After a round of polish the camera behaves much better. The focusing logic has been improved, as well as it now follows the current character during their turn. All of this behaviour can be overridden immediately by the player if they choose to move the camera somewhere else. This combination of automatic behaviour with an easy way for the player to take over seems to work well so far.

Combat – Update #15

Elemental Enigma is 2D isometric RPG with turn-based combat. After months of improvements to quests, rendering and other important systems it is finally time to have a look at combat.

Combat in Elemental Enigma is inspired by modern Shadowrun and XCOM games as well Disgea and Final Fantasy Tactics. Player controls a party of 1 to 4 characters and by using various skills and positioning tries to eliminate attacking monsters.

Skills that the player controlled characters have depend on their build, and unlike most games their build is directly tied to their personality.

Positioning is relevant, not only in regards to distance to enemies, but also certain objects offer cover while some locations might offer passive buffs. Also direction in which character is facing is important, as flanking enemies can provide significant bonuses to attack.

Combat is divided into rounds which are divided into turns. Each character gets one turn in a round, when they can perform a limited amount of actions. Order of characters in a round is randomised based on their Initiative stat. The higher a character’s Initiative, the earlier in the round they will be able to act.

Combat encounters are self contained. That means that health and magick points are restored at the end of combat, KO’ed characters are revived and most status effects are removed.

Over the course of development more details will be shared. Among others on how equipment impacts combat, what kind of skills might be available and more.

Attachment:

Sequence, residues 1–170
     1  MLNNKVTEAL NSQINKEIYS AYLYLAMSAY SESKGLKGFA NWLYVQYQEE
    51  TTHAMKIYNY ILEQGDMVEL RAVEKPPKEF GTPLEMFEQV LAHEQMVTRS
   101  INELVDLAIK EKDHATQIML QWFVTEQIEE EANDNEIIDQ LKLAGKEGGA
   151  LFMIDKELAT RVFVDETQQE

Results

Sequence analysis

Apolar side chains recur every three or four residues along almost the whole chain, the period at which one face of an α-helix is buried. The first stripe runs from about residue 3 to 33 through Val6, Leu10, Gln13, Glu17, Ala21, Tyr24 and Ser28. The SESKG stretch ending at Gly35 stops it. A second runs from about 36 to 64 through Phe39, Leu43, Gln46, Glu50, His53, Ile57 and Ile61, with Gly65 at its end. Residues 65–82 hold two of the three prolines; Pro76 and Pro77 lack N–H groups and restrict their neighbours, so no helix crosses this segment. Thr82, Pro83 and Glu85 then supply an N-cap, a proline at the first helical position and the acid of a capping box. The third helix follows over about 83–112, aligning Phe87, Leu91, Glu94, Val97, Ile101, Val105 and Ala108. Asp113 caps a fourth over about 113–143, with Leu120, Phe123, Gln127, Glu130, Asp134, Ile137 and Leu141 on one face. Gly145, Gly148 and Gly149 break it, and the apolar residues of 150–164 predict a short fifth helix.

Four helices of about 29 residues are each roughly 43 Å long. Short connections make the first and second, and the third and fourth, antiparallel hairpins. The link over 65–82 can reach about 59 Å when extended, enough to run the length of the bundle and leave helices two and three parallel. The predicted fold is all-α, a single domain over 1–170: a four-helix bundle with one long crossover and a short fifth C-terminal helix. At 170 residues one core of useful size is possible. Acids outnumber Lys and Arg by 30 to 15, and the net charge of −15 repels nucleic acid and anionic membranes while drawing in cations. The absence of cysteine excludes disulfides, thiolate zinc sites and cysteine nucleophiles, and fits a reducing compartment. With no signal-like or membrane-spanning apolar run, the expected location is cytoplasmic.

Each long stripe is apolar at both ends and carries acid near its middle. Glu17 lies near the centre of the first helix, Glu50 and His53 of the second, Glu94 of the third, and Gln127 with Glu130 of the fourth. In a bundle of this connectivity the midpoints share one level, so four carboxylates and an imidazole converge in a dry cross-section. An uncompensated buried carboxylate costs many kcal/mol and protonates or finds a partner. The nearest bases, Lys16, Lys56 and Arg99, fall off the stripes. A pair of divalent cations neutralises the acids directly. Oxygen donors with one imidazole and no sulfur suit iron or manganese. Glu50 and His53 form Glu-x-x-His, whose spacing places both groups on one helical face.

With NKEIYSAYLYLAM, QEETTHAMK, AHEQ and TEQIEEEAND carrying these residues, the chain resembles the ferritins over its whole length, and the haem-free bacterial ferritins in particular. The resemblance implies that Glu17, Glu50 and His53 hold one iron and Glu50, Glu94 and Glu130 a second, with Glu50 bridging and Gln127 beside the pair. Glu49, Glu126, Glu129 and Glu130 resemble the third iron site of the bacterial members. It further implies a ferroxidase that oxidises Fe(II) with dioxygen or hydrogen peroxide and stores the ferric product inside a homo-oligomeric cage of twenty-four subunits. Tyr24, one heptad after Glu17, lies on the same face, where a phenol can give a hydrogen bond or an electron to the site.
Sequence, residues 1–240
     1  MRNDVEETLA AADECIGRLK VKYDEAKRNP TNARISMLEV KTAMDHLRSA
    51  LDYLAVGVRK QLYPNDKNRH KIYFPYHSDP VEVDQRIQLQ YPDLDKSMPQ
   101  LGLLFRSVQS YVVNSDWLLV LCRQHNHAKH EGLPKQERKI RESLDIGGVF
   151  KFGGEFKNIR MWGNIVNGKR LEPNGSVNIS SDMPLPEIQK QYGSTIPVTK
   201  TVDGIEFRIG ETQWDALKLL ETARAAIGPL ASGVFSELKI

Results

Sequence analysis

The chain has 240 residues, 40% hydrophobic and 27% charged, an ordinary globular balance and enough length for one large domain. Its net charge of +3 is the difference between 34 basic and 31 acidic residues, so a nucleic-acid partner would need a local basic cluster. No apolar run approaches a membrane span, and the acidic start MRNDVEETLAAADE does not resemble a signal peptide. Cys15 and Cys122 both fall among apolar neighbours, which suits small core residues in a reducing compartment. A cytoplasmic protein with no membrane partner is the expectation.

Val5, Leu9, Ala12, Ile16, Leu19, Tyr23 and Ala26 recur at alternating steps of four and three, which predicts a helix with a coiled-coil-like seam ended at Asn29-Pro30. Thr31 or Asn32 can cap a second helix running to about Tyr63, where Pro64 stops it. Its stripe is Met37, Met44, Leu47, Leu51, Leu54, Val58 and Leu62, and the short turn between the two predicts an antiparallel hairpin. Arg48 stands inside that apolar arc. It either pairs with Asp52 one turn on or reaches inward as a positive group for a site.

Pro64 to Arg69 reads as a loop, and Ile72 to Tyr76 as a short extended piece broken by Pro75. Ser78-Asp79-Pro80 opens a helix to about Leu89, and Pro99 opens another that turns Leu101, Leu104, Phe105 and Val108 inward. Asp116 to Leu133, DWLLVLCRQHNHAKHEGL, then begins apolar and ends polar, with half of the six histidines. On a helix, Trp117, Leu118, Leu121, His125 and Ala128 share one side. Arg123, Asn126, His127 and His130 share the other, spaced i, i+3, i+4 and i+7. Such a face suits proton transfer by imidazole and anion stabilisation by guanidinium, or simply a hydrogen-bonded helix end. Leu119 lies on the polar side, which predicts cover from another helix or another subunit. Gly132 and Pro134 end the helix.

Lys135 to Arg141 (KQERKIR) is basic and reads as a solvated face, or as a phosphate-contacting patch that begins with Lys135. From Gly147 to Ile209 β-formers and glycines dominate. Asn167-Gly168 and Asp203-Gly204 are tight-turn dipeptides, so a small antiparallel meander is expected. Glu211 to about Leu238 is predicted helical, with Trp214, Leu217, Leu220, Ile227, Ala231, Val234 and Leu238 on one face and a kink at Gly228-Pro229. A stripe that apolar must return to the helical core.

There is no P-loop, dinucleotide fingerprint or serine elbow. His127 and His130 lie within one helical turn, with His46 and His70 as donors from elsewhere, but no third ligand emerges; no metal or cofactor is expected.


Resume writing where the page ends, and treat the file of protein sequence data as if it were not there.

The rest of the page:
Character Animations – Update #13

One of the biggest benefits of making a 2d game is that in regards to technical aspects there is one parameter that has to be monitored and kept in budget – video memory, as opposed to 3d games where polygon count, level of detail, draw distance, animation complexity, lighting complexity as well as video memory all have to be balanced.

One of the biggest problems with making a 2d game is that its video memory consumption can easily explode. All animations, objects, characters – everything that is visible on screen ultimately ends up in a texture atlas, with few ways to optimise them.

However regardless of difficulties, optimise we must.

One of the ways to do such optimisations is to look at animations of all characters and monsters and make sure they take as few frames as possible. However this has to be balanced with making sure they still look smooth.

After latest set of such optimisations a typical character animation atlas was reduced from over 7000 frames of animation to about 5000. During that process all animations were improved to look less jerky and have a unified look.

There will be more work needed, but at this point only smaller improvements and polish will be necessary.

Camera control – Update #12

All games utilise some sort of a camera to show the game to the player. Even though it is one of the most common aspect of games, it can still be a tricky problem to solve. Of course for some games it can be trickier than others. 3rd person 3D action games are probably the most notorious in this department, as the camera can get easily stuck in all types of geometry. 2D isometric games have less complicated problems to solve, but it doesn’t mean they are trivial.

Ultimately one has to remember that camera control (just like walking) is not a game mechanic. It’s something that just has to be there, for the player to be able to play. It has to be unobtrusive, easy to use and ideally not require player input at all. The challenge here lies in making it smart enough, so that the player doesn’t have to constantly be distracted by where the camera should be pointing, but without taking agency away from the player.

After recent round of polish, the camera in Elemental Enigma during exploration tries to anticipate where it should look, based on player input, but without taking away all control. Also additional ways to focus on party members have been added, so it’s easy to see the relevant character if they happen to be off-screen.